A re-post from the artchives (original posting date 23 Jan 2010) - with the blog in its current form over three years old, I intend to dig up some of the older posts once in a while.

Once more a post I have Jenny Downing to thank for. Belgium-based Christophe Gilbert is one of the best photo-manipulators in the world. He cleverly distorts reality through these amazing hyper-realistic photographs with a twist. Check out the link - very worthwhile. All rights retained by the creator.

link

Modini shoes

This is the type of creativity in logo design that I love: not too clever for its own good but a wonderful use of the main product, in this case shoes, to contribute to the visual effect in the logo. And let's face it: it is not that obvious to create an M from two stiletto heel shoes...

web site

Thursday, January 26, 2012

Chelsea Monday

In Imaginary Movies I will be posting some fake movie posters I created (including a fake review), with two recurring themes: the title is based on a pop/rock song, and the image is from my Flickr stream. This one takes a Marillion song in combination with my shot Embrace.

The cinema release of Chelsea Monday comes as the attention for the London 2012 Olympics is increasing. It is one of the best sport themed movies I have seen for a while. The basic premise is simple enough: two young athletes, both among the favourites for their discipline, happen to meet shortly after their arrival one Monday in the London Chelsea district - two weeks before the start of the games. Both Ukrainian steeple chaser Igor Kovlibenko and Canadian sprinter Jenny Matucewicz have so far lived 100% for their sports to fulfill their golden dreams. Their chance encounter leads to a whirlwind romance, which threatens to get in their way of their - and their coaches - ambitions. A complex but convincing mixture of subplots develop from there, leading to a dramatic finale on the opening day of the Olympics. Stirling performances by the two leads, Julia Cole and Todd West. A gripping movie.

Amazon

Wednesday, January 25, 2012

Saint-Saens, refined romantic

French composer Camille Saint-Saens (1835-1921) is another example of a well-known composer where the masses only have heard a few of his works. The mighty and magnificent third symphony (with organ), the symphonic poem Dance Macabre, and the Carnival des animaux - and that's about it. His ten concertos get far less playing time than they deserve, his Requiem is an almost forgotten masterpiece, and his chamber music is elegant and refined, among the best of the late romantic period. I recommend the Hyperion CD series for most of his chamber music, but for this post I have picked a Naxos recording of his beautiful and virtually unknown string quartets, composed in 1899 and 1918. Excellent playing by the Fine Arts Quartet. Very rewarding music, highly recommended.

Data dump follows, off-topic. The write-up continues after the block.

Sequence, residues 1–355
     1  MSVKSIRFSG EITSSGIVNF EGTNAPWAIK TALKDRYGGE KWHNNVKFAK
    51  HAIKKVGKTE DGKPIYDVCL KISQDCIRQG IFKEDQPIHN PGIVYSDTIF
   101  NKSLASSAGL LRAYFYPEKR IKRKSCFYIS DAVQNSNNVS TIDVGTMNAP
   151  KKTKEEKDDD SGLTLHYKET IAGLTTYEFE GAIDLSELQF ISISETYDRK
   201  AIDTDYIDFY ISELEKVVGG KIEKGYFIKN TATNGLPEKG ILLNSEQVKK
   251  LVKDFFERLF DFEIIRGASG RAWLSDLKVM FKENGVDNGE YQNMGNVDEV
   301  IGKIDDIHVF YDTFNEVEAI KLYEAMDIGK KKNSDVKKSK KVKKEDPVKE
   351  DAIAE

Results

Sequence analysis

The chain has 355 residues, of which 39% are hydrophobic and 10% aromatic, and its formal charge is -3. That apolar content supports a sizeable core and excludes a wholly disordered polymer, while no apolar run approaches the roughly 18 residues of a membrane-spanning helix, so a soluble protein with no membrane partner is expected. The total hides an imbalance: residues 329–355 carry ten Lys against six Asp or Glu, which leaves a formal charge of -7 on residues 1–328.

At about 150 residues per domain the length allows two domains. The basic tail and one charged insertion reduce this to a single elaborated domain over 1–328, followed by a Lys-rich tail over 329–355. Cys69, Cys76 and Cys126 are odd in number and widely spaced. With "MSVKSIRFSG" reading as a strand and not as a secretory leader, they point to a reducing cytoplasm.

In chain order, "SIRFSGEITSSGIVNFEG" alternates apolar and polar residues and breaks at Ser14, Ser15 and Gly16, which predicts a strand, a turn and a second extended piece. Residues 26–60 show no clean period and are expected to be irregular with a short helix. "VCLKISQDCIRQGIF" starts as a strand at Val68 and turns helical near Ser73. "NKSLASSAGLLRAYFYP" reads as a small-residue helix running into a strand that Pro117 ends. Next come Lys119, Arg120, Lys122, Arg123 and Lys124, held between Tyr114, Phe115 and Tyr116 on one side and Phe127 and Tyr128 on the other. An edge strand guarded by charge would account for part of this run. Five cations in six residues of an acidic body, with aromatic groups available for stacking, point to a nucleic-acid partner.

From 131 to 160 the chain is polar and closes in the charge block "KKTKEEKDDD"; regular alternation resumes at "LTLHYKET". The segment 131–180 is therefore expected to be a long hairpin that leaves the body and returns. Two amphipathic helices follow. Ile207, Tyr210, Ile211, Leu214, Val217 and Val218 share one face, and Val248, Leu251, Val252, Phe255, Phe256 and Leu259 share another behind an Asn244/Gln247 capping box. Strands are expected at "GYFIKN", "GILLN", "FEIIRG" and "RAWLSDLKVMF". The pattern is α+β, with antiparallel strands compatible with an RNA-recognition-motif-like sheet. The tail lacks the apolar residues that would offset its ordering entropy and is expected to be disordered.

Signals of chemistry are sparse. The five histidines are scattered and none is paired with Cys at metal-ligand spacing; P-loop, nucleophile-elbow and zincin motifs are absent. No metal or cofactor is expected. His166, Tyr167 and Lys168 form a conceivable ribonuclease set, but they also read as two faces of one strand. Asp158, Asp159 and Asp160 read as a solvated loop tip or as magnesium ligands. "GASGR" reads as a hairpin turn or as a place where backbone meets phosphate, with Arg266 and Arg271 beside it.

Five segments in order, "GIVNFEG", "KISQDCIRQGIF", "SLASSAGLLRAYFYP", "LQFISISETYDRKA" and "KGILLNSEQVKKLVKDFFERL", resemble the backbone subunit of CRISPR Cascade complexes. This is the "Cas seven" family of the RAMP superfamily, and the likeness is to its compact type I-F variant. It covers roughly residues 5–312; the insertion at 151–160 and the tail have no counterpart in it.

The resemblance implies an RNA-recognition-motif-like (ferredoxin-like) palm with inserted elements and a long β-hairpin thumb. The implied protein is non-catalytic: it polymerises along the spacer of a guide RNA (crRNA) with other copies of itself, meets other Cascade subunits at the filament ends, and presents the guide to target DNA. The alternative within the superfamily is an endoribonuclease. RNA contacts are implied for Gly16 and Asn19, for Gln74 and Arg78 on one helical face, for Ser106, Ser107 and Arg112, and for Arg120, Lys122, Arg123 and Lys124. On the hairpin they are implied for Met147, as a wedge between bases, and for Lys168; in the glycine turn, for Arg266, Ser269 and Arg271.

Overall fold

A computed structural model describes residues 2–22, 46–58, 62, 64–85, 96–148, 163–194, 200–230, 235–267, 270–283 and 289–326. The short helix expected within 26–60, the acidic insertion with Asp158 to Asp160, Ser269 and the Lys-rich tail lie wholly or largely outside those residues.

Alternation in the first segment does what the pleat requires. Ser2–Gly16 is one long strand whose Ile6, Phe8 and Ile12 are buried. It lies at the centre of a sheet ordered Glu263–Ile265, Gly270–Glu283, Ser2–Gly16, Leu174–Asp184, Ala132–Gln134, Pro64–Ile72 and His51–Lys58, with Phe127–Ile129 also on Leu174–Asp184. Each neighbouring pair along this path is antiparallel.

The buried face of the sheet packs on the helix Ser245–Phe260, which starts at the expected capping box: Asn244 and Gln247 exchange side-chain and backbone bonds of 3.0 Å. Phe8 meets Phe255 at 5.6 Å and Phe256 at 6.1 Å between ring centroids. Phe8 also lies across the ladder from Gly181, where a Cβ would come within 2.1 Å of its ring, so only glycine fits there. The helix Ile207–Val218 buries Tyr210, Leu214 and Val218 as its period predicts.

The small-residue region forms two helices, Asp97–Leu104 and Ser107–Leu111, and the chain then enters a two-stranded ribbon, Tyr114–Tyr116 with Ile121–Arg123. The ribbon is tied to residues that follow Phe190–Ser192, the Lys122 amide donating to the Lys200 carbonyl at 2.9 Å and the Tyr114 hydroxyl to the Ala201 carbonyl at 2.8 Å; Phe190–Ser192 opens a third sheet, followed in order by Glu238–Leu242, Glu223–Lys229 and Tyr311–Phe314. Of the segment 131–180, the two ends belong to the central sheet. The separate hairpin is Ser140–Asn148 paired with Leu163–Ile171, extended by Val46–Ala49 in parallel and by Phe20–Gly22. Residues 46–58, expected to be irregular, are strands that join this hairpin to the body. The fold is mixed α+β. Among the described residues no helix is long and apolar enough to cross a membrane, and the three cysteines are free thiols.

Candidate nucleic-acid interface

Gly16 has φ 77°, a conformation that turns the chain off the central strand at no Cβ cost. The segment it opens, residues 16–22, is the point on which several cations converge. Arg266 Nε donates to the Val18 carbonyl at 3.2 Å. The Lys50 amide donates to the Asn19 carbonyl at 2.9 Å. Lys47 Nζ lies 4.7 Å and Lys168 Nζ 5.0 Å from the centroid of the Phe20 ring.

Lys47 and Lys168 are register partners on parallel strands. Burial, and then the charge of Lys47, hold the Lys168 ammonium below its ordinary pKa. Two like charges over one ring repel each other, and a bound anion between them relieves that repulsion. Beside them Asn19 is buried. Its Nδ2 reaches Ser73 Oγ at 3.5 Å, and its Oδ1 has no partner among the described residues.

Amazon

Tuesday, January 24, 2012

Vanity Fair February 1926

Here we have another one of those beautiful art deco covers that Vanity Fair is rightly famous for. The creator of this dance extravaganza cover is A.H. Fish.

link

Monday, January 23, 2012

Baby dragon

With the year of the dragon just starting, this seems an appropriate post. Another piece of photoshop brilliance taken from the advanced photoshop contest section of Worth1000. Here is a shot created by their member oilcorner for the Deadly cute contest - depicting ferocious animals in a cuddly setting. I was surprised that I had not blogged this one before - must have been in the time before the re-start. As usual, all rights retained by the creator.

Worth1000

Happy Chinese New Year!

Happy Chinese New Year to all our Eastern friends and family. The year of the dragon is upon us once more (we got married in the previous one). The beautiful illustration above, sourced from here, is a solid gold dragon in the shape of the 2012 numbers.

Amazon

Sunday, January 22, 2012

Unadorned

His previous contribution under this heading was a glorious sunset shot, but here we have my Flickr friend andy_57 return to one of his gorgeous model shoots. And gorgeous she is, one of the most attractive model he ever had in front of his camera - and that is against quite some competition. The lighting is as expert as always with this accomplished photographer. As usual, all rights retained by the creator.

Links [16]

Once more an overview of interesting links on topics related to the blog, that I encountered recently, but that will probably not make the blog as separate entries. The picture above is by myself.